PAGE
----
Professor Cameron with Princeton professor Jonathan Kastellec, will be investigating the operation, dynamics, and trajectory of America’s separation‐of‐powers system by conducting an in‐depth examination of historical changes in the politics of Supreme Court nominations. They will examine nominations from 1930‐2017, addressing such questions as what types of nominees presidents select and what the consequences of appointments are for the long‐run trajectory of the Court’s decisions. The overarching goal of the project is to produce the first integrated account of Supreme Court nomination and confirmation politics that simultaneously place changes in the nomination process within the larger context of the dramatic evolution of American Politics over the course of the 20th and 21st centuries. In doing so, they hope to contribute to the normative debate over whether the United States’ separation‐of‐power system can cope with the dramatic changes in the American constitutional order and the current era of intense partisan polarization.
Why do some governments fail to use existing state resources? Conventional wisdom suggests that governments are spendthrift. Yet, in much of the developing world, local governments underspend their budgets. Professor Holland’s book project explores the puzzle of fallow states, or the underuse of existing state resources. Through a statistical analysis of subnational spending and peri-urban land use patters across the developing world and in-depth case studies of Latin American countries with varying resource use across time and space, this project seeks to shed new light on what states do, and fail to do, for their citizens.
Gary Bass will use his Bobst research support for his work investigating the Tokyo war crimes tribunal, studying that event as a lens through which to understand how the historical legacy of World War II has introduced risk in the regional order in East Asia.
Faisal Ahmed will use his Bobst Award to continue his examination of how major powers affect state fragility, and his exploration of how the causes and consequences associated with fragile states is related to international concerns over civil conflict, refugees, terrorism, repression, poverty, bad governance, and epidemics.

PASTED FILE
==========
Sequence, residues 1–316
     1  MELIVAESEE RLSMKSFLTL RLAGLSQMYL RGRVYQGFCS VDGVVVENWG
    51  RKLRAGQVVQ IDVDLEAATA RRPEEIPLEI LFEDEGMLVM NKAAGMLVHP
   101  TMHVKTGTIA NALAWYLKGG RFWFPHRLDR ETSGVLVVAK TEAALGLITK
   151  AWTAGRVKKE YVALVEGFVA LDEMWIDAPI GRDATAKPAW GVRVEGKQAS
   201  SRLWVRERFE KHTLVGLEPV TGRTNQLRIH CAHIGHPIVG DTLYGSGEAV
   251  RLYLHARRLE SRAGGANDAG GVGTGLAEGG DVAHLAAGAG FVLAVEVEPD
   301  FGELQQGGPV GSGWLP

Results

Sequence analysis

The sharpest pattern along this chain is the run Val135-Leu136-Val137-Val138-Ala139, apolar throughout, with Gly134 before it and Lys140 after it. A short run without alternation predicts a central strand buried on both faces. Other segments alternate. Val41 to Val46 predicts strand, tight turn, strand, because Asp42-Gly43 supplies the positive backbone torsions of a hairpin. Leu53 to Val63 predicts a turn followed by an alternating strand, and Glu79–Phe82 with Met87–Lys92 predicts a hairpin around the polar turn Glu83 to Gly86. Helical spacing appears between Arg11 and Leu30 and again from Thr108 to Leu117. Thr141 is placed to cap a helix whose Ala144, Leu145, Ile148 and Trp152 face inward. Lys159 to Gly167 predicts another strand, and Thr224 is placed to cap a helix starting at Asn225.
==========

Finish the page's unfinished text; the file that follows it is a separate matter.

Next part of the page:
Keren Yarhi-Milo has received a Bobst Award to support her completion of two national representative survey experiments in the United States and one in Israel, designed to examine issues and attitudes toward the use of covert military force between separate democracies.
Rory Truex will be using his Bobst Award for his research in to citizen attitudes toward government leaders in Egypt.
Professor Omar Wasow has received a Bobst Award to investigate how media cues about subordinate group protests can influence dominant group identity, attitudes and behavior.
Professor Kris Ramsay received Bobst funding for his project entitled, “Markets for Small Arms and the International Political Economy of Civil War,” a study of the political economy of small arms transfers.
Professor Pop-Eleches has won the support of the Bobst Center in 2015 for his project, “Revolution, Ethnic Conflict, and Ukrainian National Identity.”
Ali Valenzuela is conducting research for his first book project, Competing for Latinos: How Political Geography and Close Elections Shape Identity Politics in America. In addition to using GIS and existing polls to analyze the political geography of Latino identity and campaign targeting of Latino voters in 2010-2014, Valenzuela is fielding a new survey in states with overlapping media markets, an approach that will provide a new window into the effects of campaign targeting on identity group unity in American politics.